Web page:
In 2015, I went to France on a World War I & II history tour. We visited many of the Canadian, British and American battelfields in Normandy. These photos were taken at Pointe du Hoc, which is the highlest point of land between Utah Beach to the west and Omaha Beach to the east. On D-Day, US Army Rangers scaled the cliffs at Pointe du Hoc and captured it from the Nazis.
At the time of the D-Day landings, the Nazis were in the process of improving the defenses at Pointe du Hoc. Only two of the six planned casemates had been finished, but when the Rangers reached the top of the cliffs, they discovered that the guns weren’t there. The remaining gun pits had also had their guns removed. So the Rangers sent out a patrol in search of the guns and, managing to find five of them nearby, destroyed their firing mechanisms.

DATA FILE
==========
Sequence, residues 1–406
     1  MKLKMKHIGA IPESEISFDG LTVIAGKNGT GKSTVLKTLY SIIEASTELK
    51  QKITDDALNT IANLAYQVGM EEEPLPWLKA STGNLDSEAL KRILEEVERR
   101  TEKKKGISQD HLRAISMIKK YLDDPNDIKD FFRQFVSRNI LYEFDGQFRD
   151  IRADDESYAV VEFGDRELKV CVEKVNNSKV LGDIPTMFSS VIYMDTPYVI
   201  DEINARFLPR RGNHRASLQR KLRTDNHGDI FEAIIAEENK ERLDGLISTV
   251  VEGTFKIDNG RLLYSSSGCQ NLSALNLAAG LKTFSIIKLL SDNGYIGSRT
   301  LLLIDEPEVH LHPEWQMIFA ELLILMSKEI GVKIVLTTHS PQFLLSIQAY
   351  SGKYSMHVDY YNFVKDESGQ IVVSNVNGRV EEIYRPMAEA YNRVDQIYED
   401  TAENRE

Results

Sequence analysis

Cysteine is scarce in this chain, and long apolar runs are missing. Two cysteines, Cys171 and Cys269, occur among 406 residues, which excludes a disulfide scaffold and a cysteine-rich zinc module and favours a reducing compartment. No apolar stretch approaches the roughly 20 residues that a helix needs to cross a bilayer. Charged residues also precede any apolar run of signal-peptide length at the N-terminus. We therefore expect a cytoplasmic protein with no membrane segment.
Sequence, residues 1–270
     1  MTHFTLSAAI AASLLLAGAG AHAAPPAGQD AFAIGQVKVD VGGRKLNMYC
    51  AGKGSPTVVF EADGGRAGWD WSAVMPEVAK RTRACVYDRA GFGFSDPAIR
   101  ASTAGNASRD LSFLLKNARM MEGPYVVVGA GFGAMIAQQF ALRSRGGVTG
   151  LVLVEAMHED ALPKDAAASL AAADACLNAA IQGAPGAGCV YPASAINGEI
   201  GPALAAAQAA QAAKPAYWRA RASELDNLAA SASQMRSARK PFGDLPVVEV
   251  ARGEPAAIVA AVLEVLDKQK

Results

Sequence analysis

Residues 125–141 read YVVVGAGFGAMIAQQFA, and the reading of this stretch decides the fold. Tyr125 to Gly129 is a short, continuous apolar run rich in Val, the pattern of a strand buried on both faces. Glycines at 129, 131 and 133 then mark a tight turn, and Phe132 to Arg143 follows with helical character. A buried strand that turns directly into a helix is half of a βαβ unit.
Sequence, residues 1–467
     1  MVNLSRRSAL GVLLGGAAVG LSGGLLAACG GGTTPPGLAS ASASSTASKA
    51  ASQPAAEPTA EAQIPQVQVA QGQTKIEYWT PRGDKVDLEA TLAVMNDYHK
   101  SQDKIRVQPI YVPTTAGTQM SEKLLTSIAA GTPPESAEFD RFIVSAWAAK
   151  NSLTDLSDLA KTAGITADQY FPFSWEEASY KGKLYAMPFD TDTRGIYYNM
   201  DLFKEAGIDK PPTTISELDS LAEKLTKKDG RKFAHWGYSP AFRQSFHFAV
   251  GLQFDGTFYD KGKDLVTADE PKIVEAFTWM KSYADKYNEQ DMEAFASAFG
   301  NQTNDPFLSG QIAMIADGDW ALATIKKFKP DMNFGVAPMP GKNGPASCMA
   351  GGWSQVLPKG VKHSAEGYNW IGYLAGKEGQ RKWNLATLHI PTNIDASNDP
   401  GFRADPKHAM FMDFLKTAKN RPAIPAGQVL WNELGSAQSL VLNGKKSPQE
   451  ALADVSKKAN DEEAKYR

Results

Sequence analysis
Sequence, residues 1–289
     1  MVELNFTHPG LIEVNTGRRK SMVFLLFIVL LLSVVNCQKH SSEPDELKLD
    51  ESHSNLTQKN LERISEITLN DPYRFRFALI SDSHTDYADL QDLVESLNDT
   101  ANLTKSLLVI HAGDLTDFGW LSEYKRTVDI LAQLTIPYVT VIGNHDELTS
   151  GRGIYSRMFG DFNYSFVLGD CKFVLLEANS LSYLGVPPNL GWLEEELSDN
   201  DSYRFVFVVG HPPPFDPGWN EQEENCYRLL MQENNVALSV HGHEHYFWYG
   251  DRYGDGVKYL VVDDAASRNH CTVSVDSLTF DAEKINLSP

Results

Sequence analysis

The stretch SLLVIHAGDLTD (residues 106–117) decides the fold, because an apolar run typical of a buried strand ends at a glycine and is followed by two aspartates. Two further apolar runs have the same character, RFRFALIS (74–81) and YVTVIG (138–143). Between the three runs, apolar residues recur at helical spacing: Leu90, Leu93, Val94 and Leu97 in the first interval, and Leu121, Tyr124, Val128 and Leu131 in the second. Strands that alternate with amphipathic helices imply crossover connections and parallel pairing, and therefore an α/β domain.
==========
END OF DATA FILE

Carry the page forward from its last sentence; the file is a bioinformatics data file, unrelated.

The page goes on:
In the photos you can see one of the empty circular gun pits, some of the casemates and shelters, and a few craters from Allied bombing. I tried to capture the size and depth of the bomb craters, but it’s a little hard to get the scale from the photos.
While plenty of sheep can be seen grazing the land at Pointe du Hoc, don’t be fooled into thinking that it’s farm land. It’s not. There are plenty of unexploded bombs beneath the grass making it too risky for people to walk on. Therefore, the only way to mow all that grass is to let sheep graze the fields. I don’t know if any sheep have ever triggered a bomb, but I’m grateful (and a little disturbed) knowing that it’s their lives and not mine that are at risk.
We also walked along Omaha Beach that day and visited the American Cemetery, which will look familiar if you’ve seen Saving Private Ryan.
Foodie, oenophile, traveler, hockey player, teacher, husband & father. I am many things, but at my core, I am a writer and photographer. Give me a notebook, a camera and a pocketful of film and I’m happy. Going Lomo is where I share my love for film photography, because a photograph not shared, only speaks silence.